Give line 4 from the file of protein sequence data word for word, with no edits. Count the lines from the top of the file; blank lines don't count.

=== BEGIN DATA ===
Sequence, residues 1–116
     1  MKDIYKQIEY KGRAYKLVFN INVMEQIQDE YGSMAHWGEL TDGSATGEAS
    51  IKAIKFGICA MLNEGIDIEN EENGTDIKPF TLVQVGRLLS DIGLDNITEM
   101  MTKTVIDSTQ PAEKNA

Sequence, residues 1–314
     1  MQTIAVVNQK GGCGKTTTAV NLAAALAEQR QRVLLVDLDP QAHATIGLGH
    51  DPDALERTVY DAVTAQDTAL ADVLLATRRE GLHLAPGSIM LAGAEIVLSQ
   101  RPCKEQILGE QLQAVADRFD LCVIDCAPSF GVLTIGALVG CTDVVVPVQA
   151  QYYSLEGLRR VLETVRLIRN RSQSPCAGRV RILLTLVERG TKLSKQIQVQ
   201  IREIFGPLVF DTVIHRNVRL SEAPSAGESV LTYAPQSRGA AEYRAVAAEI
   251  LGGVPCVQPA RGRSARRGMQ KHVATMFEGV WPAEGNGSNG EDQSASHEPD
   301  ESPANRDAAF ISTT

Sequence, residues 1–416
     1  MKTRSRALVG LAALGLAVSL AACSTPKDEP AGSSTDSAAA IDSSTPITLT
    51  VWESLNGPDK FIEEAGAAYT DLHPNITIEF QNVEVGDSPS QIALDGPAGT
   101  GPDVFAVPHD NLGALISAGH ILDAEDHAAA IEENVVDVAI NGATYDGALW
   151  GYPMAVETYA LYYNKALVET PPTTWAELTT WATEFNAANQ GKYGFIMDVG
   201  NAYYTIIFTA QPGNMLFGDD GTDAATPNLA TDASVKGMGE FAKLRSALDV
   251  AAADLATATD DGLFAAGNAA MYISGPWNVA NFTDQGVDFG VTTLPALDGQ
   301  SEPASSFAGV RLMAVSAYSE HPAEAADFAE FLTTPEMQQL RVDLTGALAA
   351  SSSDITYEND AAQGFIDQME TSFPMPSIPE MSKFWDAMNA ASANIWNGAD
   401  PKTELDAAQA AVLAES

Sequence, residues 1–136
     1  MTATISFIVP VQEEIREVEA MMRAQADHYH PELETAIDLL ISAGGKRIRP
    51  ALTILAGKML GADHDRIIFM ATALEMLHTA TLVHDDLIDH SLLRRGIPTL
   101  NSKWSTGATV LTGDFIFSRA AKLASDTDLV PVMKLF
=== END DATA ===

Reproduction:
   101  MTKTVIDSTQ PAEKNA